Thank you, Bolivia, for all that you are!!

 

 

 

 

 

… silencing … and the voices …

I was in a colony last week with a friend who had grown up in that colony, but had left it a long time ago. For leaving and joining a different church, he had been excommunicated.  In that colony, he had several siblings, other more distant relatives, and, as it turned out, plenty of people whom he still greeted as we passed them on their buggies or met them in village stores. Excommunication varies a great deal from colony to colony.  I have heard of being excommunicated for as little as using someone else’s cell phone, but I also know of colonies where the approach is more generous, and in some colonies, it rarely, if ever happens.

I’m told that the idea of excommunication, among most colonies in Bolivia comes first from the interpretation of biblical references in Phil 3:16, where Paul tells the Philippians to ‘hold fast to what we have attained until now’ and II Tim 3:14 where he writes … ‘but you must continue in the things which you have learned’.  Steel wheeled tractors were, a long time ago, the only way tractors had wheels at all and the traditional colonies have assumed that living ‘as far back as almost possible’ is part of what Paul must be talking about in these verses. Steel wheels go back quite a long way. Is it far enough? Too far? From colony to colony, there is variation in how far back to go to ‘hold fast to what we have attained’. Are all the regulations really about ‘holding fast’ or is some of this action also about simply keeping people inside the community?  One colony has gone back even farther and have decided to have no motorized anything; they function with only horse power.  Whether not having any motors goes back far enough, I suspect even they have debated the question, and likely will again.  Other colonies have embraced rubber on all vehicles, electricity, cell phones, higher education, learning of spanish … whatever can help them make life more comfortable.fullsizeoutput_4292.jpeg

On our drive through the colony my friend asked if we could stop to visit his sister. He said that despite him being banned, she would still welcome him. We stopped and she did, but she did not shake his hand, nor did she offer him or me a drink or food, which, in a Mennonite home would be considered unusual. In this case, she couldn’t; her brother was banned and that means not even the relatives can associate too closely with him. If they do, they also can be in trouble.  A man in another colony told me he was banned because he and his wife are sending their children to a new church that is Mennonite but not Old Colony. He struggles with those biblical texts and kept asking (himself more than me) if it’s possible that we worship a God so strange that he would disapprove of parents trying to find healthy environments for their adolescent children.

The implementation of excommunication, and maybe the seemingly harsh way in which it is sometimes carried out comes out of Matthew 16:19 where Jesus says to Peter, ‘I will give you the keys to heaven, and what you bind on earth will be bound in heaven and what you loose on earth will be loosed in heaven.’ Colony ministers see themselves as the ‘Peters’ of their colonies and when a definition of ‘holding fast’ has been stretched, a colonist is warned. If he or she doesn’t change their behaviour, they are then excommunicated and banned. Shunned.  They can repent and be welcomed back into the colony but only then.  Many live their entire lives under ‘the ban’. Others go back. The belief in how they interpret Matt 16:19 is long and deeply held; the additional pressure from family members and decades of tradition keeps people close to what has been home. That tendency is not unique to Old Colony Mennonites.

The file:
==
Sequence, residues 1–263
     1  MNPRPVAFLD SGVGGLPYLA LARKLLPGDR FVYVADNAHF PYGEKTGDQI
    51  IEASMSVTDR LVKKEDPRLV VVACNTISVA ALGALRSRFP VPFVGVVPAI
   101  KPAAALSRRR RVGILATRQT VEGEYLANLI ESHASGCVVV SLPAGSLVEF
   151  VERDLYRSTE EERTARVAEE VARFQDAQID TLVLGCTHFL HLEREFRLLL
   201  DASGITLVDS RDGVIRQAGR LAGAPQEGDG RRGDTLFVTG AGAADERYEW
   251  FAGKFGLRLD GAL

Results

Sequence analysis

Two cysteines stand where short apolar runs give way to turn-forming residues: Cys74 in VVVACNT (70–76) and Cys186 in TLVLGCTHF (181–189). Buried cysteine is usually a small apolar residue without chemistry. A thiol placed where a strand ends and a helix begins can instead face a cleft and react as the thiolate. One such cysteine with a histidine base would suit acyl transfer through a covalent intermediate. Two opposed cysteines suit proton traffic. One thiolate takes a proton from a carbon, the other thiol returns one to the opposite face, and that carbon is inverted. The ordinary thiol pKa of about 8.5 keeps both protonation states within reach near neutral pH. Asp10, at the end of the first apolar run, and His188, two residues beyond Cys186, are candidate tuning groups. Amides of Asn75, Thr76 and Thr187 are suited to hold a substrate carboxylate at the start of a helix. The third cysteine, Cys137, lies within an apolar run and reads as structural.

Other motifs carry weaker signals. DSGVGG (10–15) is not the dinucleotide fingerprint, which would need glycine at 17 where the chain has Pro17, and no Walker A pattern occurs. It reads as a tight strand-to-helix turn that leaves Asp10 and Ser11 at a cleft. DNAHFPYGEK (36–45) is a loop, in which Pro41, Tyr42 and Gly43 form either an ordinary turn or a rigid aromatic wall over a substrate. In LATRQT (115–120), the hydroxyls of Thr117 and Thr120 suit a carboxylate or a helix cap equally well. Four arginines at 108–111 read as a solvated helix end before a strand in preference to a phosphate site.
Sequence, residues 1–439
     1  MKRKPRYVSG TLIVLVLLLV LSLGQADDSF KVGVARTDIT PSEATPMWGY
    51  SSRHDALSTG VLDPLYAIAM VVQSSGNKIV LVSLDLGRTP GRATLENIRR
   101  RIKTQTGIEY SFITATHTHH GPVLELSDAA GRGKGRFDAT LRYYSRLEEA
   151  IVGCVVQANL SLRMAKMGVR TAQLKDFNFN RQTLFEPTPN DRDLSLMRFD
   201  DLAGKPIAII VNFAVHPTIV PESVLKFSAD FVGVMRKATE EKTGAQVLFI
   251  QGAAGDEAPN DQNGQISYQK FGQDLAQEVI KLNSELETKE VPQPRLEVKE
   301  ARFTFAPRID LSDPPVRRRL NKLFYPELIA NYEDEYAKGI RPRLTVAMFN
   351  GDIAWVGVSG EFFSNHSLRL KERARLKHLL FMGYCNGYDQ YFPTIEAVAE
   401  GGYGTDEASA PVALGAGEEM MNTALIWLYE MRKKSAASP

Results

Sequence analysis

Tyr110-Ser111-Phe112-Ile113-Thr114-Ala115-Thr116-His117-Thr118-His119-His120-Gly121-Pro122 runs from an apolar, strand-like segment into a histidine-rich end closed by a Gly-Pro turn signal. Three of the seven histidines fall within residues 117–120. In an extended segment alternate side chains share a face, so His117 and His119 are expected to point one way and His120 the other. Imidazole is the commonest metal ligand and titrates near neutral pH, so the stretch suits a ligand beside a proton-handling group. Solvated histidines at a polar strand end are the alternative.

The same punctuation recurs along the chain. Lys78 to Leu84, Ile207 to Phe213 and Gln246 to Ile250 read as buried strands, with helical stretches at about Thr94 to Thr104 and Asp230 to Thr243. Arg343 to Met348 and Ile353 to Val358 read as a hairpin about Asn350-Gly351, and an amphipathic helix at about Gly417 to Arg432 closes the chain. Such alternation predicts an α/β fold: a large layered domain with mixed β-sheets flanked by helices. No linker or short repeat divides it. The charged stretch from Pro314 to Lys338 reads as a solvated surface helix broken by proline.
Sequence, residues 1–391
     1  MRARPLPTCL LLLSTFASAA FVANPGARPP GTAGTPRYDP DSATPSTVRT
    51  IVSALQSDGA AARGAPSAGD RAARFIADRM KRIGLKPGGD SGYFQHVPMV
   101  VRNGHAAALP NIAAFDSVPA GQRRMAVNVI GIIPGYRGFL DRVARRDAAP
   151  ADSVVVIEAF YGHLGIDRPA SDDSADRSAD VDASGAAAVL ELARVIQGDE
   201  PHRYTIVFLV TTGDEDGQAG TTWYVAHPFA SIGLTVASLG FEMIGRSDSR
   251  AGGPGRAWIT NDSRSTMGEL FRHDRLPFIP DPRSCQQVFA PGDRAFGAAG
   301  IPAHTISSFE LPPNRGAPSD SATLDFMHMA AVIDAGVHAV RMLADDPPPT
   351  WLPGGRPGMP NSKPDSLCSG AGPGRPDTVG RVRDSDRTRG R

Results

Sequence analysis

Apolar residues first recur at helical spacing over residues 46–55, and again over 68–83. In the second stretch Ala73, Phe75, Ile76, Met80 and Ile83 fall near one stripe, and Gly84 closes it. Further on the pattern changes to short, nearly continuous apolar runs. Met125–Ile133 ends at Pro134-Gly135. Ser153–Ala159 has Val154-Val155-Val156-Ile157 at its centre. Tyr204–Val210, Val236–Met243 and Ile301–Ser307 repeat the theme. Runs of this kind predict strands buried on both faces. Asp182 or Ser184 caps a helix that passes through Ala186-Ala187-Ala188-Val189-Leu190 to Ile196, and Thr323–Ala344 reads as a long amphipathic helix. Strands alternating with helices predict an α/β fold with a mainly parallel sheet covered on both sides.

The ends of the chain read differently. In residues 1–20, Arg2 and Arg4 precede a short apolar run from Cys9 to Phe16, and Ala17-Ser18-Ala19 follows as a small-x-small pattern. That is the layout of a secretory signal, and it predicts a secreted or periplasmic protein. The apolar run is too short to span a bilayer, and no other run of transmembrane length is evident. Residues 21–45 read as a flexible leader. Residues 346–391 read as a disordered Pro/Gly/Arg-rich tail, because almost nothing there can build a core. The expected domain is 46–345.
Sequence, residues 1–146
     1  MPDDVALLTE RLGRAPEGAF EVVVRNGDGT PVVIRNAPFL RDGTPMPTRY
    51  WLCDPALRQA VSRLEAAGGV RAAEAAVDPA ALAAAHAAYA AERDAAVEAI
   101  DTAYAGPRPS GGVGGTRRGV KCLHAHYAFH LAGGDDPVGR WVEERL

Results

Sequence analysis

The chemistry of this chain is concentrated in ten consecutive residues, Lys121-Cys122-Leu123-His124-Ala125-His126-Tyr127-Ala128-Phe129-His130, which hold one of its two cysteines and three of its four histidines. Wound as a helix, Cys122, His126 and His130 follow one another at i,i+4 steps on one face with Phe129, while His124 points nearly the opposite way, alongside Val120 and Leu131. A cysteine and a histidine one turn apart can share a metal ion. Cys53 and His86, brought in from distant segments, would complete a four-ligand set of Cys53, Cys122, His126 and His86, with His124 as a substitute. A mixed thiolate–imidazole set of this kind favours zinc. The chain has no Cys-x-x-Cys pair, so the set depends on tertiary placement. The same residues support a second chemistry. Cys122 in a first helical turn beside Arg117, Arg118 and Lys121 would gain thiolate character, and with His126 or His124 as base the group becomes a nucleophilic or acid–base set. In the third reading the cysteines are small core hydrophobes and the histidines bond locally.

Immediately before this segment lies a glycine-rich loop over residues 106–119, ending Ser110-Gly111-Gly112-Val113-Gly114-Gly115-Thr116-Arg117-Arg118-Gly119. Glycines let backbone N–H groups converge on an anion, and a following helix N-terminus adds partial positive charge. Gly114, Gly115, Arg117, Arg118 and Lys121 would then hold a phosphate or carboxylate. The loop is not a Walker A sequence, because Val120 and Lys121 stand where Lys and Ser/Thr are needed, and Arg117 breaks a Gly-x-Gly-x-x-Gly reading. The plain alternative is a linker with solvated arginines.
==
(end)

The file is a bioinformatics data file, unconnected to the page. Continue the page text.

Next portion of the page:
It’s a perplexing issue for me, and I think for anyone on either the receiving or the implementing side of an excommunication and a ban.  I don’t know if Jesus really taught this as something to be used easily? I like to think, and from what I know of how Jesus related to those who were accused of indiscretion and ‘sin’, that he always leaned quickly towards abundant grace and forgiveness … without conditions. All were welcome. And especially those most vulnerable, those most already on the outside of things. The lepers. The tax collectors. The prostitutes. The prodigal sons.  Maybe he did shun, but the ones, it seems to me whom he may have shunned by calling them out, were the religious leaders of those days, those who abused their power to keep others in line.

Rachel Held Evans died last May, a much too early passing from this earth.  She was a Christian writer but managed to disturb and annoy many evangelical leaders in the Southern United States with her thoughtful questioning of why some beliefs and behaviours are clung to by so many in the evangelical world in which she also grew up and which she loved. In response, one of the major Christian book store chains across the United States banned her books from their shelves.  It may have added to the interest in her books, as such actions sometimes do, but it was also a form of shunning … an intent to silence.